In normal shooting conditions, these dust specks are more-or-less invisible. I don’t see a thing in my normal shots; it’s only when the lens is stopped down and I am shooting at a bright flat surface that the dust issue becomes apparent.

    Don’t give up on the D600 because of this, just wait for Nikon to correct this minor design flaw in future runs, then you’ll have a great full frame camera. (at this point, the camera will be older and likely cheaper, too…)

    Reply
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  8. Lars Arvid Oma

    I bought this camera two weeks ago, and have already got at dust problem. Good camera, but this is a serious problem for me. It costs me lots of hours in Photoshop, cleaning pictures for my customers.What shall we do with this issue?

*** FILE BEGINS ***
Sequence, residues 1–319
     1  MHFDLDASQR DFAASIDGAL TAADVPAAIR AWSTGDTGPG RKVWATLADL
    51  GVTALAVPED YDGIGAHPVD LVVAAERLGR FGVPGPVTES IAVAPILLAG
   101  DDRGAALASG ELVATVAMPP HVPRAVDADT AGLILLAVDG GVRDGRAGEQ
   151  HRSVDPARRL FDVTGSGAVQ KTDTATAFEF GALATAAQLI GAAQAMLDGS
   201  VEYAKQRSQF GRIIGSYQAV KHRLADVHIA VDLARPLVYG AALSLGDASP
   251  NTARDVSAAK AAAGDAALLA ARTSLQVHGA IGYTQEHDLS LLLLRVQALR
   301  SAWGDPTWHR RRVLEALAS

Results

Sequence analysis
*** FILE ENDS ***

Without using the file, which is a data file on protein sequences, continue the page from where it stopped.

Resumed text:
Reply
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  10. Timmi

    I would just send the bloody thing back!
    No matter how much I love Nikon, I wouldn’t put up with that kind of sh!t. At these price points, this sophistication level, it is totally unacceptable.
    It’s probably debris coming off the inside of the body or the mechanisms… or worse, graphite lubricant (solid dust).
    Is that thing made in China by any chance?

    Reply
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  14. Ron Scubadiver

    We have arrived in the age of beta cameras for full price. So far this year we have seen the D800/e AF sensor issue and now the dust problem, which I suspect will be far more difficult to fix. If the dust is flaking off the inside of the mirror box, I don’t see how it can be refinished.